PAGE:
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random reviews and other thoughts

“The FP” Stands for Frickin’ Perfect


If you’ll indulge me for a moment, I’d like to read you something:

In a dystopian future, a relentless turf war rages. Two rival gangs feud for control of rural wasteland Frazier Park (The FP) in the deadly arena of competitive dance-fight video game “Beat-Beat Revelation.” After hometown hero BTRO is slain on the dance platform by thug leader L Dubba E, his protege younger brother JTRO goes into isolation, vowing never to duel again. One year later, The TP is in ruins, and JTRO must find the courage to return and restore order in a ruthless battle for revenge that can only leave one man dancing.

That is the official description for “The FP,” a film written, directed, and starring Jason Trost. (I’ve never heard of him either.) If that plot summary doesn’t sell you on seeing this movie, nothing I say in this review will.

I found out about this movie a while ago and it took me a bit of time to track it down. I knew after watching the trailer that I had to see it. It is a classic in the genre I’ve dubbed “awful-good.” It’s one of those movies you know is going to be bad, but you still love. Maybe you feel a little dumber after watching. Some may even say their soul ached afterwards. Actually, one friend did say that.

“The FP” is like nothing I’ve ever seen before. No words can do it justice. It’s … it’s … ugh, where do I begin? The wardrobe? The actors intensity? The training montage? The shoot-out? Everything about this movie works together to create a craptastic masterpiece. FP might as well stand for “Frickin’ Perfect.” So much greatness in 82 min.

You’ve already read the plot summary but allow we to get a bit more in depth. After BTRO is killed on the dance floor L Dubba E takes over the FP and all of it’s alcohol. He won’t let anyone else have any, so the town turns to drugs. But, what this really means is that a town without booze, has no bums. And then who would feed the ducks in the park? And what’s a town without ducks? I’m not joking, this is the major problem of the town, L Dubba E is denying them ducks. It’s post-apocalyptic “Boyz N the Hood” meets “Rocky,” with a dash of a drugs/alcohol after-school special.

At first, listening to the characters talk was a struggle. I only understood every third word or so because I don’t speak gangsta and every third word “fuck” or one of it’s derivatives. This isn’t a huge surprise considering two of the supporting characters names are Beat Box Busta Bill and Sugga Nigga. By the end, however, I became pretty fluent. Me and my dawgs be watchin’ this shit fo realsies yo. Don’t be hatin’, or you be illin’ for a killin’.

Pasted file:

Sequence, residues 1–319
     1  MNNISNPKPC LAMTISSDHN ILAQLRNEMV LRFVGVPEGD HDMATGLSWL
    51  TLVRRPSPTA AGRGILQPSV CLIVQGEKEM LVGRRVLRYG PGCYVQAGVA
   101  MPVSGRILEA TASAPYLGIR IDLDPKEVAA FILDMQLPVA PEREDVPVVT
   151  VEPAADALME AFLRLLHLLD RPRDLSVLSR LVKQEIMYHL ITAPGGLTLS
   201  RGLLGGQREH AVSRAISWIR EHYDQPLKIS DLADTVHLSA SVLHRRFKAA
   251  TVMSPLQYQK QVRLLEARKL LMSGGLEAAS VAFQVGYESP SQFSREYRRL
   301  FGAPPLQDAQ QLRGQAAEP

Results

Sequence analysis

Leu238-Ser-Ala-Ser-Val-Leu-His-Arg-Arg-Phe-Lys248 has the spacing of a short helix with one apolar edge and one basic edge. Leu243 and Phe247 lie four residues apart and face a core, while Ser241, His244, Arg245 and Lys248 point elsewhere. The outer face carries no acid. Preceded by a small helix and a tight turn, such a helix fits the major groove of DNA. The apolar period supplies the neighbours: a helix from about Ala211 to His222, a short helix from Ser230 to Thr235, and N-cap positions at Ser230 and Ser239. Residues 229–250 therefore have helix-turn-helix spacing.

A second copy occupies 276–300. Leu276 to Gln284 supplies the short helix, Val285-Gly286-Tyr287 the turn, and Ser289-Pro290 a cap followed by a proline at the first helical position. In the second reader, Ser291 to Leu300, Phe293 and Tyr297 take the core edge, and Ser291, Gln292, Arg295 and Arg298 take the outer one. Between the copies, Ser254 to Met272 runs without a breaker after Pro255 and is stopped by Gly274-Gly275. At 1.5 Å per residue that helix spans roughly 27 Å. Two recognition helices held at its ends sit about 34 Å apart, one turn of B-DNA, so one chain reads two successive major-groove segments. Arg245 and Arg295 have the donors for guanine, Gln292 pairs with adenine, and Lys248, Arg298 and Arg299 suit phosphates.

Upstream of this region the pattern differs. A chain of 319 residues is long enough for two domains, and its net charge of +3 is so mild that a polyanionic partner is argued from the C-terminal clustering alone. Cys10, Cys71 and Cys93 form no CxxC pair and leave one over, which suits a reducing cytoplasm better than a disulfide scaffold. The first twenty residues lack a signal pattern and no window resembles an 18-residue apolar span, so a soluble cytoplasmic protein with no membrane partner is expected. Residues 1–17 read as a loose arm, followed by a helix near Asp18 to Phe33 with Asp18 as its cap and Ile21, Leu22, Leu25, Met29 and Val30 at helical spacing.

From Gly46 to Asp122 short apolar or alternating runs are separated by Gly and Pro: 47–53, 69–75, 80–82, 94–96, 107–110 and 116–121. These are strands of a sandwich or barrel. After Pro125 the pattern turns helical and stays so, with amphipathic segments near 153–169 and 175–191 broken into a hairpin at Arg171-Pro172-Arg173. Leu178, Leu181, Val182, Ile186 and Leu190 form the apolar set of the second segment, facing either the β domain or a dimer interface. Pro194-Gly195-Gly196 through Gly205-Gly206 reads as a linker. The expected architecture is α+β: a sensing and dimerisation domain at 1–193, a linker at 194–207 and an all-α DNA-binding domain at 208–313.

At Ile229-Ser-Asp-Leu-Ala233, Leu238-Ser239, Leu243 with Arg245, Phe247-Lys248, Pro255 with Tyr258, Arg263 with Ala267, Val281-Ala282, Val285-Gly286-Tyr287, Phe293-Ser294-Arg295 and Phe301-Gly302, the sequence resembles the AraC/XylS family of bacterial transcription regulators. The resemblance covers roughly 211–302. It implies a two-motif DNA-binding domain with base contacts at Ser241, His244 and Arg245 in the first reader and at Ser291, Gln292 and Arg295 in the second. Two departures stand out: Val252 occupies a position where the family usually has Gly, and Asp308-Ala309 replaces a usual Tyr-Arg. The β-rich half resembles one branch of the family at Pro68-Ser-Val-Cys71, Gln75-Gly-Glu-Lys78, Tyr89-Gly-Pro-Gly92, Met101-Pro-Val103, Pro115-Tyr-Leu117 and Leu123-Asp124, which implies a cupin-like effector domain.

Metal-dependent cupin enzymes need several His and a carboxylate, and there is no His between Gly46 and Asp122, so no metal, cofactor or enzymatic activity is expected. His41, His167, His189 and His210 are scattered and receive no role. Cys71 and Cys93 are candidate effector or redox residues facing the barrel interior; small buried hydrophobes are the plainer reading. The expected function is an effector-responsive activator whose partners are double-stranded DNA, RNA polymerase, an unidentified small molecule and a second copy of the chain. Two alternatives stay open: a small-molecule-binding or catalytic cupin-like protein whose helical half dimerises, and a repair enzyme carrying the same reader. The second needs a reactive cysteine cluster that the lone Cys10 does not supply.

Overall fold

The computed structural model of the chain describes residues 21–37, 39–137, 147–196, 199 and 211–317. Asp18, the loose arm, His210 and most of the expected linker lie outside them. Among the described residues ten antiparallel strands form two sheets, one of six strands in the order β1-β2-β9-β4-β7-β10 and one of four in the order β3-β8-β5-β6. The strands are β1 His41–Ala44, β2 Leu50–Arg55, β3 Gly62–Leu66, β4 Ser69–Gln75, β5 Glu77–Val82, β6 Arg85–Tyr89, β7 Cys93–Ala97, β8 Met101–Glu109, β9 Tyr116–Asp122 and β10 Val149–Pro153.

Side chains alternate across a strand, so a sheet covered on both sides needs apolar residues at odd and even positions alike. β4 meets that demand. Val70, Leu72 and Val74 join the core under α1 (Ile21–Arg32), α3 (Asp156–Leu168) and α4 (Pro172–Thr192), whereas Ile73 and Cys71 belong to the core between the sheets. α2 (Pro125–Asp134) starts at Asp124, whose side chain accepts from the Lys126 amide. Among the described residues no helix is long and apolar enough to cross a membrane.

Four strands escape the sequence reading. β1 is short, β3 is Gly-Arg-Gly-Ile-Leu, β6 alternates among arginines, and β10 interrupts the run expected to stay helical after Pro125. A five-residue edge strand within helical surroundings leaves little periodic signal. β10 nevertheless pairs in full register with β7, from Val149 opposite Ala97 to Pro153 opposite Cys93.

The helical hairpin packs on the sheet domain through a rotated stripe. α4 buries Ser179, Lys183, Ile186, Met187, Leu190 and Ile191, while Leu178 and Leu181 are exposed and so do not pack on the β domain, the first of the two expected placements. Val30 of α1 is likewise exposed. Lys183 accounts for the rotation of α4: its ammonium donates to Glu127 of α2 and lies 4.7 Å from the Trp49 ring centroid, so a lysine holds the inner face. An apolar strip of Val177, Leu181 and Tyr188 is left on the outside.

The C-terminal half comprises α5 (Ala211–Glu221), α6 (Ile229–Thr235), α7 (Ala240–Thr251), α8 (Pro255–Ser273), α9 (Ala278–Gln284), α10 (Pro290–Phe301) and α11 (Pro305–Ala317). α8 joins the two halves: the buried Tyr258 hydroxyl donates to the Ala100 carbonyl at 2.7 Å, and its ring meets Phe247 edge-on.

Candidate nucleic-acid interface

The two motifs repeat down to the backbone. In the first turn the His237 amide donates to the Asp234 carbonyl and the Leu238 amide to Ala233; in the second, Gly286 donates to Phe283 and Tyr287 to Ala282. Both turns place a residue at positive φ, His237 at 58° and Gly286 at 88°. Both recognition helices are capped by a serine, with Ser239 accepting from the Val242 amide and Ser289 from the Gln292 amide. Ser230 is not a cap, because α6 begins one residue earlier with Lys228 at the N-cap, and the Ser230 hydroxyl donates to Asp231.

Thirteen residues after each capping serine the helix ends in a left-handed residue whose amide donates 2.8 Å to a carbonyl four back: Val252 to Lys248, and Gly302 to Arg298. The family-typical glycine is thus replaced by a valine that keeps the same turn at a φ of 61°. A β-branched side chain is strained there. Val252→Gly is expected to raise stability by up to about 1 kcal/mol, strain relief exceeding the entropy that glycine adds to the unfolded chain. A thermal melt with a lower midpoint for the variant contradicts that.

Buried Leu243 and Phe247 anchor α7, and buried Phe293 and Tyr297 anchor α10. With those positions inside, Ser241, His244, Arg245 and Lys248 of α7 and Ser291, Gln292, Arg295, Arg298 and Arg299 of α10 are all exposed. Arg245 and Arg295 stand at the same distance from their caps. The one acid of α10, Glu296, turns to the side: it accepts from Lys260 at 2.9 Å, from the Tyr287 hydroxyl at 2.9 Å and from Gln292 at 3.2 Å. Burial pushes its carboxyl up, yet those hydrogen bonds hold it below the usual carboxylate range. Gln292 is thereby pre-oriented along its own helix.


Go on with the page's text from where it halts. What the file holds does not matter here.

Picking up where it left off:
The music is like listening to the Dance-Dance Revolution soundtrack. It’s techno-ish, but girlier. The best musical interludes though are during the films tender moments, like when JTRO is telling Stacy (his love interest) that she doesn’t need to go back to her abusive, alcoholic, cross-dressing father, she can live with him in his tent across the street. The music becomes softer, and sweeter, and tugs right at your heartstrings. Or at least it would if you weren’t laughing so hard.

Between the dialog, music, costumes, and storyline it’d be easy to assume this movie is straight out of an 80’s time-capsule. But no, it came out only a year ago in 2011. I know that the filmmakers had to be totally aware of what they were making. There is no way they could have taken themselves seriously. I mean, it’s a movie about a dance-off … and ducks!

“The FP” is  great big pile of awesome shit and once just isn’t enough. You’ll watch it, and then again, and again, and again until you’ve watched it with every single person you know. More people need to know about “The FP.” Do it for the ducks bro, for realsies. We roll together, we die together.


2 thoughts on ““The FP” Stands for Frickin’ Perfect

  1. Trost is a genius by using every thug stereotype the same way Drew Goddard and Joss Whedon used every scary movie stereotype in The Cabin in the Woods. Those jokes you made to friends, or pretended to do, or maybe just heard about are exaggerated. What I noticed with The FP is that, when I thought something was random and out-of-place, it wasn’t. Trost, somehow, knew what he was doing (check the duck scene after the credits. When I saw that, I knew he wasn’t no fool).

    Posted by Jennifer M. Hartsock | September 28, 2012, 10:42 pm
  2. I’m convinced Trost knew what he was doing. He’s kind of brilliant. It’s not a bad movie, it’s more of an homage to bad movies.

    Posted by Ashley_Christie | September 28, 2012, 10:46 pm

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